Sliced Bread Animation thinks Sherpa is the best thing since…

Sliced Bread Animation is a small but perfectly formed London-based, award-winning animation and technology studio. It has built a worldwide reputation thanks to a diverse range of work including 4K, 360-degree VR projects in the healthcare sector; a CGI showcase for Academy Awards®-winning camera lens manufacturer Cooke Optics; social-media gamification for brands including Coca-Cola and punchy explainer animations for organisations such as Royal Mail.
The story of Sliced Bread Animation starts just over 20 years ago, when the cost to enter the world of digital animation went from sky high, to something much more affordable. Jamie Denham, Sliced Bread Animation’s Managing Director is talking to us from the studio’s Bethnal Green office, and tells us how this shift in pricing was pivotal in the formation of Sliced Bread.
“I was previously a Director at a new media agency in the 90s before we all went our separate ways. At that time, I had a Silicon Graphics machine. It wasn’t even the top spec one, but it was worth a considerable amount of money.” These were costs that would make it daunting, if not impossible, to set up a new CG-animation studio. Luckily for Jamie and his founding partner Christina Villics, as the leading manufacturers and developers sought to compete with one another, these high prices began to reduce to levels accessible to smaller studio customers.
“Around 2001, 2002, the costs began to fall rapidly,” Jamie continues, “and it made everything a lot more accessible when it came to animating CG content. My brother worked in tech, and he built a machine for me that was roughly the equivalent of that Silicon Graphics machine (but without its specialist chip set), for around £3,500.” This new level of affordability meant that Jamie and Aardman-animator Christina could start Sliced Bread and look to carve out their own niche in this burgeoning sector.



Stepping up

Jamie is quick to point out however that it wasn’t a world of instant glamour. “We got a fourth floor office in Covent Garden, so we had a desirable address. And we got it at a great price… because the lift in the building didn’t actually go up to the fourth floor.”
With an office, machines and ambition, Sliced Bread just needed one more thing: work. “In those days people didn’t really know where to get animation for their websites, so we did a lot of digital content for that, and for YouTube ads, until in 2005, we did an online animated series for Sony called Trona.”
This series was conceived, scripted and created by Sliced Bread, and demanded that the team come up with a pipeline that allowed for high-quality production, but that could also keep up with a schedule that saw a new episode published every week for six months.
“We did all the rendering in house, and did it using our workstations. We kept the resolution low, 640x540, and kept the scenes fairly simple, and I was going around the room at the end of the day and clicking ‘render’ on each workstation!”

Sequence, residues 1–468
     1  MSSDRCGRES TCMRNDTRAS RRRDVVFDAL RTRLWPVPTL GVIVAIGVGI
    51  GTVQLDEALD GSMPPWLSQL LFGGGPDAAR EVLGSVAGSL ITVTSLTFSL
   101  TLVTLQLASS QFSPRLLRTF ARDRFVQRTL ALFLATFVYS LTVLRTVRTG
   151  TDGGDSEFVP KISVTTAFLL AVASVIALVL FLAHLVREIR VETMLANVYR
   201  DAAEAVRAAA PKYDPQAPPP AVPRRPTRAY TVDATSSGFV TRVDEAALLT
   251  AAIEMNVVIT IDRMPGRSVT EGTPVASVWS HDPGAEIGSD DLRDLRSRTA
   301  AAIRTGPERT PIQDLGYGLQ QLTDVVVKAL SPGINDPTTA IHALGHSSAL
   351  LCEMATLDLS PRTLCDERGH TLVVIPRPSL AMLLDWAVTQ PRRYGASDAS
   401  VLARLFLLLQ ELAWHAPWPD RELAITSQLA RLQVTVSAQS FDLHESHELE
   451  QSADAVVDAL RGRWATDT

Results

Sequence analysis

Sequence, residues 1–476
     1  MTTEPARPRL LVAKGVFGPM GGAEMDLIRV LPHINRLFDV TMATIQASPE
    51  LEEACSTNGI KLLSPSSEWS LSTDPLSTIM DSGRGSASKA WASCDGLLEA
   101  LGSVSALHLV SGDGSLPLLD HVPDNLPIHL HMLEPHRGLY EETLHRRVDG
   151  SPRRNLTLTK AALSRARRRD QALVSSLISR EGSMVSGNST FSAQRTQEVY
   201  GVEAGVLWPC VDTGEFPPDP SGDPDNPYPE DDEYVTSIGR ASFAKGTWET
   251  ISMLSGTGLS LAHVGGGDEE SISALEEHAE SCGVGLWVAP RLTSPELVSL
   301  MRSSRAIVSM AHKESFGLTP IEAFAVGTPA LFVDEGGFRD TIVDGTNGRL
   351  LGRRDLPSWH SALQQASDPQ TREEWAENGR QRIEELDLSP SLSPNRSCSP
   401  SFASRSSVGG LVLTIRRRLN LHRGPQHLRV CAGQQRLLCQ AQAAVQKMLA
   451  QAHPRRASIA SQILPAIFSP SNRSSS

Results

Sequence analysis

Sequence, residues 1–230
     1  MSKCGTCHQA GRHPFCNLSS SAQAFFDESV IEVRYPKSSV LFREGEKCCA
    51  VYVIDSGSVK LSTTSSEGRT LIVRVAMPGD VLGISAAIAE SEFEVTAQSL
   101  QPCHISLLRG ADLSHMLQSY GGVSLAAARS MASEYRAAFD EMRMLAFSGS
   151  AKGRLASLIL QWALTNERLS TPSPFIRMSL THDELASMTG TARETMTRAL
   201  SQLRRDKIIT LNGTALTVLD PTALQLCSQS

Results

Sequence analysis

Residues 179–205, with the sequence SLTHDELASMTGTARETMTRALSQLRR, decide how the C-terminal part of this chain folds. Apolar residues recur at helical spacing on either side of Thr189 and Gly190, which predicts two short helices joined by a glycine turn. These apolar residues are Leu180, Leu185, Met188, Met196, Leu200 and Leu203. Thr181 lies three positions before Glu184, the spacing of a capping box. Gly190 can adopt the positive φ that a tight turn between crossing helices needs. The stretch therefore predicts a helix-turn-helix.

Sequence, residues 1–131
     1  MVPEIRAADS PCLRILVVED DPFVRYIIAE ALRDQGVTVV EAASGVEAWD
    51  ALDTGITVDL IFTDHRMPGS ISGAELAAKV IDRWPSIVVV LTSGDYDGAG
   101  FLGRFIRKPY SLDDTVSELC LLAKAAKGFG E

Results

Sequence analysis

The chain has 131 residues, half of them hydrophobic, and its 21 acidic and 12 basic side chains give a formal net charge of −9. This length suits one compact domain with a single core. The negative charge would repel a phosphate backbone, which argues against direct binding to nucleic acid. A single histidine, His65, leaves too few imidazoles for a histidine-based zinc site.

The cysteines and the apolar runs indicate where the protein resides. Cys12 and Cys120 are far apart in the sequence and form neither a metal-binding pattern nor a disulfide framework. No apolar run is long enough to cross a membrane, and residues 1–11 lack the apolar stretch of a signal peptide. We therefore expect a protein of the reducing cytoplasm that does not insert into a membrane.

Growing pains


With the learnings of that project behind them, Jamie began to look around for a more powerful and robust solution to animating and rendering. They bought some cheap servers, and began using RenderPal. However, it wasn’t all smooth sailing. Jamie tells us that in their set up, it had a tendency to fall over and they just couldn’t deliver solutions in the timeframes that Sliced Bread needed.
The studio’s new servers also introduced additional issues into the equation. “Keeping them cool, maintaining them, ensuring they had all the right licences and keeping them all up to date brought with it a lot of extra work,” says Jamie. This is a theme we’ll come back to shortly.
Sliced Bread moved to its current home roughly six years ago and began working with Escape Technology for technical support, which began with exploring options to keep the studio’s render farm cool. “I think we looked at every single option, including having the servers in cabinets with vents going out of the windows,” laughs Jamie.



Moving to the cloud


As with most studios, the pandemic pushed Sliced Bread to accelerate its move into virtual workstations. To keep working, the team was having to move machines around, to get the workstations to where Sliced Bread’s animators were – something made even trickier when during lockdown Sliced Bread was locked out of its own studio by its landlord.
Jamie was approached by several companies offering cloud-based/remote-working solutions, but the combination of his existing relationship with the experts at Escape, and the power and flexibility of Sherpa, the cloud-resource management tool built from the ground up by Escape, meant that there was only ever one winner.
“Escape’s experience of VFX pipelines, animators, software like Deadline and Arnold, and handling all those licences was something the others couldn’t match. I felt that because Escape had done so much work with the big boys of the industry, the things they’ve learned would trickle down and help us.”